Surgical anatomy of superior gluteal artery in relation to lumbosacral plexus – A cadaveric study in the Indian population

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DOI:

https://doi.org/10.3126/ajms.v15i3.60753

Keywords:

Superior gluteal artery; Pseudoaneurysm; Lumbosacral plexus; Variations; Lumbosacral trunk

Abstract

Background: The superior gluteal artery (SGA) passes in between branches of the lumbosacral plexus after arising from the internal iliac artery. Variations in the course of SGA from the internal iliac artery till it passes out of the pelvis through the greater sciatic foramen are very important during pelvic surgeries. Pseudoaneurysm of SGA caused by iatrogenic injuries can compress branches of the lumbosacral plexus, causing foot drops and sciatica.

Aims and Objectives: The aim is to study the course of the SGA in relation to branches of the lumbosacral plexus.

Materials and Methods: A cross-sectional observational study was done on 25 formalin-fixed human adult cadavers. Dissections were performed in the pelvic region and branches of the internal iliac artery and lumbosacral plexus were identified. SGA was traced on both sides from origin till passing out of the greater sciatic foramen and its relation to branches of lumbosacral plexus was recorded.

Results: Three types of pathways taken by SGA were identified in relation to the lumbosacral plexus. The most common path taken by the SGA was between the lumbosacral trunk (LST) and the first sacral nerve. Thirty-five out of 50 were of this type (70%). Ten out of 50 had the second most common type which was between L4 and L5 branches of LST (20%). Five cadavers had SGA lateral to LST (10%). Ten cadavers out of 25 (40%) had side differences in the type of course taken by SGA in relation to the lumbosacral plexus.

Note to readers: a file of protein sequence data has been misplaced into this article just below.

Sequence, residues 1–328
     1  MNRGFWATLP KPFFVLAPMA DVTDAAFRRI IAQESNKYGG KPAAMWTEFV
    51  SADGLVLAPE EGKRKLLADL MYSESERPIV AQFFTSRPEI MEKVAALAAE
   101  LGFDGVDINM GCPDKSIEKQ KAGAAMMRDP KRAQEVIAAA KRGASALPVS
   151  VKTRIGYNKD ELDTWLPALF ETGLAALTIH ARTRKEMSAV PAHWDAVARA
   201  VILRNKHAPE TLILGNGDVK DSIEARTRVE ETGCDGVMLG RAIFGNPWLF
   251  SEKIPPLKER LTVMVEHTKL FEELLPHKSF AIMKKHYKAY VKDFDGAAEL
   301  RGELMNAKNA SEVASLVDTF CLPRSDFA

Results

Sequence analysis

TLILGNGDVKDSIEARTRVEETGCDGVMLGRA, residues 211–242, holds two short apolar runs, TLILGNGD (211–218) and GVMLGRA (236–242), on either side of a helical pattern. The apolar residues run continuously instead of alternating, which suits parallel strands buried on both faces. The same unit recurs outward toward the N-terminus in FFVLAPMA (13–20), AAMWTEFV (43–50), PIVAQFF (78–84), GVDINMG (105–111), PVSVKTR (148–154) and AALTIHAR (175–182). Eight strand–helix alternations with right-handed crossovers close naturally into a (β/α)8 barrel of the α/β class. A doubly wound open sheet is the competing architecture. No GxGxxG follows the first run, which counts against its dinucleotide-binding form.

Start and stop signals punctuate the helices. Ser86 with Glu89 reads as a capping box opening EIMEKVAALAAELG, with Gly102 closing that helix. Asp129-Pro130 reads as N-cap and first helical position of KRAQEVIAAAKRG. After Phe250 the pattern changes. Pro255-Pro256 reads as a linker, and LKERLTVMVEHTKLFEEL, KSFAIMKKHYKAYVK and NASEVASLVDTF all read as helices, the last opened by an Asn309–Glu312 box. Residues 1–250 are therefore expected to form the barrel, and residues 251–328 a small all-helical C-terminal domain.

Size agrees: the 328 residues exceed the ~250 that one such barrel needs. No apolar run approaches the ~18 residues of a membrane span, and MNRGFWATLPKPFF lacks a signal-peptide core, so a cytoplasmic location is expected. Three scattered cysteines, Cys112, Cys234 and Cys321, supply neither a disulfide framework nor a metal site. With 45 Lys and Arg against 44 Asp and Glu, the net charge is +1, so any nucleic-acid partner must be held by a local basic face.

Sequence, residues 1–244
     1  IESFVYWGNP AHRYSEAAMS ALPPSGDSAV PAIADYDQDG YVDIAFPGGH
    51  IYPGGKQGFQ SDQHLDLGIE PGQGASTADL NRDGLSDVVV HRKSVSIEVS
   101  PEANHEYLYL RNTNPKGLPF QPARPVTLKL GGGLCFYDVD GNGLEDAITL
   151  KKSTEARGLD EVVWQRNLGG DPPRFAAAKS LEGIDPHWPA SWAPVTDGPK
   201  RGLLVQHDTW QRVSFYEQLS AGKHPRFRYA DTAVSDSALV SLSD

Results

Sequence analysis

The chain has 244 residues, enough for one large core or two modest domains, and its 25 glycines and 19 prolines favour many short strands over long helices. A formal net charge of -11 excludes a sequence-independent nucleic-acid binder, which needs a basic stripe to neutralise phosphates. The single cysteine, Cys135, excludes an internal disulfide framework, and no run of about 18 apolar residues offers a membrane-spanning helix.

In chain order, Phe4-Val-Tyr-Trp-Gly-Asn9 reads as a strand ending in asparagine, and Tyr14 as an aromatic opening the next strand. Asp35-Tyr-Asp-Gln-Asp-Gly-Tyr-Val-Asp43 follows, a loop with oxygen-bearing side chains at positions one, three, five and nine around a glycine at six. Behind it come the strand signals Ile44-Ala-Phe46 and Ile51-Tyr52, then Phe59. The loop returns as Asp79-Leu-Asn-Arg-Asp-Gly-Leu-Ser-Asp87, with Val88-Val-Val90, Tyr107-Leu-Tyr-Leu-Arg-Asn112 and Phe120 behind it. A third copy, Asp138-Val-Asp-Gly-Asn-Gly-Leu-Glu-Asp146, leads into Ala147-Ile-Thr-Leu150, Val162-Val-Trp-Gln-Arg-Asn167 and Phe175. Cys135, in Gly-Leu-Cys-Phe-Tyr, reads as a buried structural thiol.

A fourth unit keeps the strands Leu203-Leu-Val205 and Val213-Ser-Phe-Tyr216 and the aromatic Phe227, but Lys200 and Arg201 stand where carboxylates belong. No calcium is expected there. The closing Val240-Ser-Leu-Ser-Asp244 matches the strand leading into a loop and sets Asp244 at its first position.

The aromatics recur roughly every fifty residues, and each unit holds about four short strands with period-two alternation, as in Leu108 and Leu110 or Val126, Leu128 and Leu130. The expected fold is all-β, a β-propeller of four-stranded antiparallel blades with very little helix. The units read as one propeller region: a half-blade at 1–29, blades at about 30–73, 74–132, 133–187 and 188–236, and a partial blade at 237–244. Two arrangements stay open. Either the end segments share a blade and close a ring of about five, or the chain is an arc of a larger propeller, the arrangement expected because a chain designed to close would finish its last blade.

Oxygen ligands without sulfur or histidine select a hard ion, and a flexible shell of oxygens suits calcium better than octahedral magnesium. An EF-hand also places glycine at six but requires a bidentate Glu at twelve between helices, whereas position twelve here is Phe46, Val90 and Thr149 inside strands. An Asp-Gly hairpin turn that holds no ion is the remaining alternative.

Conclusion: A surgeon must keep in mind variations in the path taken by SGA in relation to the lumbosacral plexus to prevent pseudoaneurysms of SGA, which in turn can compress branches of lumbosacral plexus, causing foot drop and sciatica.

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Author Biography

Anjali Shastry, Assistant Professor, Department of Anatomy, PES University-Institute of Medical Science and Research, Bengaluru, Karnataka, India

Assistant Professor,Department of Anatomy

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Published

2024-03-01

How to Cite

Anjali Shastry, & Anu Francis. (2024). Surgical anatomy of superior gluteal artery in relation to lumbosacral plexus – A cadaveric study in the Indian population. Asian Journal of Medical Sciences, 15(3), 94–97. https://doi.org/10.3126/ajms.v15i3.60753

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Original Articles